A Security Council session to discuss the inflamed situation in Israel’s administered territories has been set for Tuesday, and the Palestine Liberation Organization is pressing for its chairman, Yasir Arafat, to participate in the debate.
Security Council consultations were held Monday morning and were scheduled to continue Tuesday and culminate in a formal meeting, which was requested by the 22 Arab nations belonging to the international body.
The request was made in the aftermath of a shooting attack Sunday on a group of Palestinian laborers in the Israeli town of Rishon le-Zion. The incident, perpetrated by a mentally disturbed Jewish man in army uniform, left seven dead and triggered massive rioting in the West Bank and Gaza Strip.
Soon after the attack, the PLO called for international intervention.
At the United Nations, PLO representative Zehdi Terzi sent an informal signal Monday morning to the U.S. Mission indicating that the PLO would like Arafat admitted to the Security Council debate, according to sources here.
But there were no reports Monday of Arafat having made a formal request for a visa to the U.S. State Department.
An Israeli spokesman said that his government was already lobbying the U.S. administration to signal to the PLO that a formal visa request would be rejected.
“Instead of calming things down,” Arafat’s entrance to the United States “would escalate the situation” in the territories, said the spokesman, Yuval Rotem.
If Arafat is denied a U.S. visa, action may be taken at Tuesday’s meeting to move the meeting to United Nations’ European headquarters in Geneva, PLO representatives indicated.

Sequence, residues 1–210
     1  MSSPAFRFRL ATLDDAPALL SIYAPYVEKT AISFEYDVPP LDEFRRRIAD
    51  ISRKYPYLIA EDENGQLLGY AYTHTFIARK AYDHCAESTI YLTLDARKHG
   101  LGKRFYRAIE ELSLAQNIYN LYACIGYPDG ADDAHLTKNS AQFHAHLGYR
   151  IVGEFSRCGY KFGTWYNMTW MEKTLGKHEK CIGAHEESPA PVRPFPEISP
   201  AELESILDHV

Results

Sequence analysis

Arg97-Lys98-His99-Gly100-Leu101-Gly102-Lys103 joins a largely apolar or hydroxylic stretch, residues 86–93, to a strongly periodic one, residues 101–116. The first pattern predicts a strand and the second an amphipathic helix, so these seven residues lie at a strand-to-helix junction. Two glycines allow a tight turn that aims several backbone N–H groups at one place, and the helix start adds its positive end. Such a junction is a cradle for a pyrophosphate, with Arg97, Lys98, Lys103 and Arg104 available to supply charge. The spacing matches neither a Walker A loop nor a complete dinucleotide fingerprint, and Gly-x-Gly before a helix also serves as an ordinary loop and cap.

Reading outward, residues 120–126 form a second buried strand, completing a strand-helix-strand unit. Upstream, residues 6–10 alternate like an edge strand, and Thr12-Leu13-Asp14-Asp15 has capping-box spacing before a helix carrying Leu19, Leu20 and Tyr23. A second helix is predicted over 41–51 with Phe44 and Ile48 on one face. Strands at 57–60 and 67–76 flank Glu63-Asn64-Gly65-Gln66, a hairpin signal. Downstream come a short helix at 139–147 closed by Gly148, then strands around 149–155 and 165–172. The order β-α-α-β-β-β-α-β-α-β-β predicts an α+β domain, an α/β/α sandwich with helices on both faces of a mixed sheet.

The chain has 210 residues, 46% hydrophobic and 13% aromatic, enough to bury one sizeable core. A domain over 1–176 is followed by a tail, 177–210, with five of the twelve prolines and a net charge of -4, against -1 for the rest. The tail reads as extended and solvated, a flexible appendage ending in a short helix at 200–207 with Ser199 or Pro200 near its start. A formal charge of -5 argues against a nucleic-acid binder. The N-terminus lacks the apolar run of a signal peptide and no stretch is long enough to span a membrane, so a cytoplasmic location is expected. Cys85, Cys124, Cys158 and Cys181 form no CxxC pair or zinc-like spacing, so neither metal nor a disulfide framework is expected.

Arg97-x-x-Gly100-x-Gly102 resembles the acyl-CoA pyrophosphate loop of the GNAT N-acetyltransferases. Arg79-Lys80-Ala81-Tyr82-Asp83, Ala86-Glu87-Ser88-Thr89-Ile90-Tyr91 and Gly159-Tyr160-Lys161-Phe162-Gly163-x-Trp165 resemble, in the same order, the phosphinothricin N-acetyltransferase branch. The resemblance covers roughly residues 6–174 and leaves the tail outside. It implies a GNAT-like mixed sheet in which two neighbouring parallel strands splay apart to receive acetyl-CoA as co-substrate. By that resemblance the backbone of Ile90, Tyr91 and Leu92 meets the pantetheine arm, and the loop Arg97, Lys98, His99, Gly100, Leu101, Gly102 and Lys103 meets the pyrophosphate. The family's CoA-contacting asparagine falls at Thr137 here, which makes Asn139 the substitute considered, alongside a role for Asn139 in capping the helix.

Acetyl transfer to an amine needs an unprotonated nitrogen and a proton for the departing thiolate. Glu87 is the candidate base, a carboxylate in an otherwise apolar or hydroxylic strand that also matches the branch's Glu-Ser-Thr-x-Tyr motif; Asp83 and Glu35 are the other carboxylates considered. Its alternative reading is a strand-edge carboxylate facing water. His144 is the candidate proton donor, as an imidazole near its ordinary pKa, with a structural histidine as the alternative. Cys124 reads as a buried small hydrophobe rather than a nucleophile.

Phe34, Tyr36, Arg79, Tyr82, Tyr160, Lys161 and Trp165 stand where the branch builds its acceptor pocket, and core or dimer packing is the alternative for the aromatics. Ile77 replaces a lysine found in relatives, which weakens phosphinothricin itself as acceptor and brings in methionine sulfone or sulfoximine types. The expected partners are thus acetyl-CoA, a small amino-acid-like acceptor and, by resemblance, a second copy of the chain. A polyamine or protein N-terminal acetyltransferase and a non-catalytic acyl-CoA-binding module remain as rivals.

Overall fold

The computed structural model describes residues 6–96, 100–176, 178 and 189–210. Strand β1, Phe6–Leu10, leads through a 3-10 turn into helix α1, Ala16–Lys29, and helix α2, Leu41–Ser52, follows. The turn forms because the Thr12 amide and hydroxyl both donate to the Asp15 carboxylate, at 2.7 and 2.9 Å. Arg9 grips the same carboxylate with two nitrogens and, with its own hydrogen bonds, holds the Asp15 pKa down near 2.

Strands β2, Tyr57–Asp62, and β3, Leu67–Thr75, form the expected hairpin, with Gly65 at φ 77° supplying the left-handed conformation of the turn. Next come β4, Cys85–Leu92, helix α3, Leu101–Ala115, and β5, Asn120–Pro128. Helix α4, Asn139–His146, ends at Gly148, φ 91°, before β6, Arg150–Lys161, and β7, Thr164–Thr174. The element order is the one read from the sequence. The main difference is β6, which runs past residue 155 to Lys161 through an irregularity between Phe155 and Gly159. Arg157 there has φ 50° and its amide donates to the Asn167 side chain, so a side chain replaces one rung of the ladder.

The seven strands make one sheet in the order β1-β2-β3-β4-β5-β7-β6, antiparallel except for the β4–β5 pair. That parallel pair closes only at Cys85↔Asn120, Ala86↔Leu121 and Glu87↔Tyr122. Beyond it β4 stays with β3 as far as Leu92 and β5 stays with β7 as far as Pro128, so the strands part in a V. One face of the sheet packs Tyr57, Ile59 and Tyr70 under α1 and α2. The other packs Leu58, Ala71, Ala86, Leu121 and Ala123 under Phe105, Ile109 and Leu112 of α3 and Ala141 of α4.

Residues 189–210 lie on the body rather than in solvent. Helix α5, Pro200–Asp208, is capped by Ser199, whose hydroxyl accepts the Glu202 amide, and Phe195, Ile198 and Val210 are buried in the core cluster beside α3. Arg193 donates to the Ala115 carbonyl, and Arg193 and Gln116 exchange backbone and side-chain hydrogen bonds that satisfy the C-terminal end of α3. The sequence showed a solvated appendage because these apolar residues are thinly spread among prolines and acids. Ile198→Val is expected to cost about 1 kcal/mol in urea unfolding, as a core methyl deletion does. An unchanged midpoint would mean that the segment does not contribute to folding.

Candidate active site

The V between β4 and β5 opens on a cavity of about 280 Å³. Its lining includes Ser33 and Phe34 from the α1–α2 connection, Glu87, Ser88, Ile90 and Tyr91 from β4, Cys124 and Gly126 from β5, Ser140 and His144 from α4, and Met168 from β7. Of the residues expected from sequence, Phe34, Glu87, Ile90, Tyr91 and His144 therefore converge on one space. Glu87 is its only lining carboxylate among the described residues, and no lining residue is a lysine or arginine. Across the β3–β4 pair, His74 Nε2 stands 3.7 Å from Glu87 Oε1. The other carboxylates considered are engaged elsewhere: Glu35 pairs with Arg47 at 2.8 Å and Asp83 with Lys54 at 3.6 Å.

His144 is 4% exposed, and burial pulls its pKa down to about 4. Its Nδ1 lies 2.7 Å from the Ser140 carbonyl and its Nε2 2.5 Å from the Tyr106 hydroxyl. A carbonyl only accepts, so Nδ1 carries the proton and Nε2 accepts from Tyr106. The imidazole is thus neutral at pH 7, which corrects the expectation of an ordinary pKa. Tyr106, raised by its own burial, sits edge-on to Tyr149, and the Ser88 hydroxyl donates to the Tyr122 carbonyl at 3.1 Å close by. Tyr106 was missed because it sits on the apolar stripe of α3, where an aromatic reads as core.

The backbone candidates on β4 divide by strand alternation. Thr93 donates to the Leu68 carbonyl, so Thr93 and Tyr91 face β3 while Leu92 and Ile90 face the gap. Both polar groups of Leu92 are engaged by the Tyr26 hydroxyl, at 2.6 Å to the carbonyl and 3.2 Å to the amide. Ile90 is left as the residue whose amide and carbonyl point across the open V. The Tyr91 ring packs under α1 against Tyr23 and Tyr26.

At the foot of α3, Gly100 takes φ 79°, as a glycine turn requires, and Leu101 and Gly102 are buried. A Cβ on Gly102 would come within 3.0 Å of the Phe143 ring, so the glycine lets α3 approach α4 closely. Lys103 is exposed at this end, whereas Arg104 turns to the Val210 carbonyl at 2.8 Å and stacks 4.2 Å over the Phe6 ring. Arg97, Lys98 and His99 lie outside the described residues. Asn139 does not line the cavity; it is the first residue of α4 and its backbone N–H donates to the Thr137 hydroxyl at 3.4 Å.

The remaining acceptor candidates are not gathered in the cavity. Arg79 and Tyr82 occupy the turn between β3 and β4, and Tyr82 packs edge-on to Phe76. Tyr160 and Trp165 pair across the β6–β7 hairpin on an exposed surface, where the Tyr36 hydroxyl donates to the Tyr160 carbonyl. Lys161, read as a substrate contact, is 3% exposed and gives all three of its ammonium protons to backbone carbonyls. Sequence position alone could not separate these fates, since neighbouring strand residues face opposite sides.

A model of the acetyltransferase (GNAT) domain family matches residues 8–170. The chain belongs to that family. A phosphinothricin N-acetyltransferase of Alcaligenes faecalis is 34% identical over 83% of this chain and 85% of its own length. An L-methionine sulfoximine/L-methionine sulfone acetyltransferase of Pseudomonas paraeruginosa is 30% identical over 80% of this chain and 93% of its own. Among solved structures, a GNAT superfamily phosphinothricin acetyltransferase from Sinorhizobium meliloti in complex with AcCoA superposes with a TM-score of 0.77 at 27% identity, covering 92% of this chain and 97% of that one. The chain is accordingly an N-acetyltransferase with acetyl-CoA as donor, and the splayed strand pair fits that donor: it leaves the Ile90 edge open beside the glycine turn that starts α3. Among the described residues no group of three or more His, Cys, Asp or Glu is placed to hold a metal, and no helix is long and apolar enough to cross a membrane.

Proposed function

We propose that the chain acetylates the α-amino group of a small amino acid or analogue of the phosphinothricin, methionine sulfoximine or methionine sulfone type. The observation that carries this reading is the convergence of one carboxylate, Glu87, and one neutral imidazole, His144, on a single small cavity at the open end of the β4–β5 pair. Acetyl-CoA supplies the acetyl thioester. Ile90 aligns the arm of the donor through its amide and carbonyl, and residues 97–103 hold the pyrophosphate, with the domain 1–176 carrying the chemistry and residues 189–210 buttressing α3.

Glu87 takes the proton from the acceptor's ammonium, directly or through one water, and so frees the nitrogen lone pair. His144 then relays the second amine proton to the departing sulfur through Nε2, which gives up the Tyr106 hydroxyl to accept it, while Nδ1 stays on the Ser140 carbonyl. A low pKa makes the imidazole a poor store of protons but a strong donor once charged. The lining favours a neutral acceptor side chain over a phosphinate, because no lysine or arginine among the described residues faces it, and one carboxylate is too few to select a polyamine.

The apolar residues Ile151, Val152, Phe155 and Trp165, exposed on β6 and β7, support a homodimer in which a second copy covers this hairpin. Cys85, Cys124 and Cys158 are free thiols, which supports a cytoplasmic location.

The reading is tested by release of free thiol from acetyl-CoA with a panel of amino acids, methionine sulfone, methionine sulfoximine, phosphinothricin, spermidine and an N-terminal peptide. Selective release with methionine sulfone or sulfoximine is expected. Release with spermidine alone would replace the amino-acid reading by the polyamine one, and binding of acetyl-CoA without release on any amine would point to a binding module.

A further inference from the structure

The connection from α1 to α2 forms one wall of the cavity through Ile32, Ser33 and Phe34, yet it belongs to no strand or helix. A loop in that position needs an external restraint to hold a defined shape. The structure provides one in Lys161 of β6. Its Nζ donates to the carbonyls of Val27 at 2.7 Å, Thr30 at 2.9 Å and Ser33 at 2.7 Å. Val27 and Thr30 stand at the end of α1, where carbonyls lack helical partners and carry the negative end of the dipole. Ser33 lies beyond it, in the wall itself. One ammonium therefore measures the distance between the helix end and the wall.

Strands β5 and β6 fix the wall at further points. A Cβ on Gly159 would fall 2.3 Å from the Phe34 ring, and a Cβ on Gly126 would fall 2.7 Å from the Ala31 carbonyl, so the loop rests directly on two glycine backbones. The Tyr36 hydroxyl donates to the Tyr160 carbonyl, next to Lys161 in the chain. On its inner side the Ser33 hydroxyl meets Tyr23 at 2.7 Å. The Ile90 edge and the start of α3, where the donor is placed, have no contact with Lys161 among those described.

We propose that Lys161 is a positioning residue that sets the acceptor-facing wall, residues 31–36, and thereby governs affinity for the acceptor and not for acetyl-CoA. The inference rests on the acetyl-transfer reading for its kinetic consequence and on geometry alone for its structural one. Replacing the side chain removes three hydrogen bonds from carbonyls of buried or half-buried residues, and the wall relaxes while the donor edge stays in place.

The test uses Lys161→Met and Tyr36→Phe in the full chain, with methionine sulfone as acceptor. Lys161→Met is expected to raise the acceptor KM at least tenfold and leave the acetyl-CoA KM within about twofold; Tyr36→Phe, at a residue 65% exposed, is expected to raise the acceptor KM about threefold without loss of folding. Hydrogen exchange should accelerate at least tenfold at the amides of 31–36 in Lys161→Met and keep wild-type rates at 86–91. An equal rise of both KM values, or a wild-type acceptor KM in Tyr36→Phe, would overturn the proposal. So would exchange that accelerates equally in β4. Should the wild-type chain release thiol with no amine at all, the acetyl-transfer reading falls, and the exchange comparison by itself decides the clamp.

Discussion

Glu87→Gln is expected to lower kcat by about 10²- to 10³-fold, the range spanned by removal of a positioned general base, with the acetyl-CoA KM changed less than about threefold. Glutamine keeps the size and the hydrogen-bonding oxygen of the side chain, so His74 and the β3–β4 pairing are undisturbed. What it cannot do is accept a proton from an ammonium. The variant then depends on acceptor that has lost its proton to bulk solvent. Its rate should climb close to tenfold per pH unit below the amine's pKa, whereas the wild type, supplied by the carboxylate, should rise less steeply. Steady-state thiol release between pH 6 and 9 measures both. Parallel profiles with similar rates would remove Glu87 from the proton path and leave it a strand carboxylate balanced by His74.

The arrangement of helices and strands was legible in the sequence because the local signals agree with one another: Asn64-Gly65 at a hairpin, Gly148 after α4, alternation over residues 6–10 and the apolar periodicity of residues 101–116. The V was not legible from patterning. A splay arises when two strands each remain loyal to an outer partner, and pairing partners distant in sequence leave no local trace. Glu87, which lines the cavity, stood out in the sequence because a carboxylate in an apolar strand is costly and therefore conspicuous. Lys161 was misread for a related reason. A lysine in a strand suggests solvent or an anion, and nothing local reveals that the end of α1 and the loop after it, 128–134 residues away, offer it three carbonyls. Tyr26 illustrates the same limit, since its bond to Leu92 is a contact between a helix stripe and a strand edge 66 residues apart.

In the fall of 1988, a U.N. General Assembly meeting was moved to Geneva after Arafat was denied entry to the United States.
U.N. Secretary-General Javier Perez de Cuellar released a statement Monday saying that he “views with grave concern” the Rishon le-Zion attack; the resulting unrest in the territories, which led to the deaths of seven more Palestinians; and the reprisal attack Monday on eight French tourists by a Palestinian in Jordan.
The attack in Jordan, he said, “cannot be viewed in isolation” from Sunday’s events.
Perez de Cuellar said that the Palestinian deaths Sunday “highlight the vulnerability repeatedly expressed by those living under Israeli occupation.”
He urged that “appropriate steps be taken to enable the Palestinians to feel secure” and that negotiations among all parties to the Arab-Israeli conflict be launched as soon as possible.
The stalled peace process, the secretary-general said, “has deepened the frustration of the peoples of the Middle East, contributing to an escalation of tension throughout the area.”
Rotem at the Israeli Mission said his government was “encouraging Jewish organizations to express their views” against an Arafat visit.
Malcolm Hoenlein, executive director of the Conference of Presidents of Major American Jewish Organizations, told the Jewish Telegraphic Agency that the conference has “been in touch with officials in Washington” about the PLO request, which it is monitoring “very closely.”
Hoenlein spoke from Little Rock, Ark., where he was addressing a synagogue group.
While he and other Jewish leaders would not comment directly on an Arafat visa request before it was formally made, Hoenlein noted that in the past, many American Jewish groups have urged the Bush administration not to admit Arafat to the United States.
He said the decision about whether to admit Arafat would likely be made at the highest levels of the administration, by President Bush himself or by Secretary of State James Baker.
The Archive of the Jewish Telegraphic Agency includes articles published from 1923 to 2008. Archive stories reflect the journalistic standards and practices of the time they were published.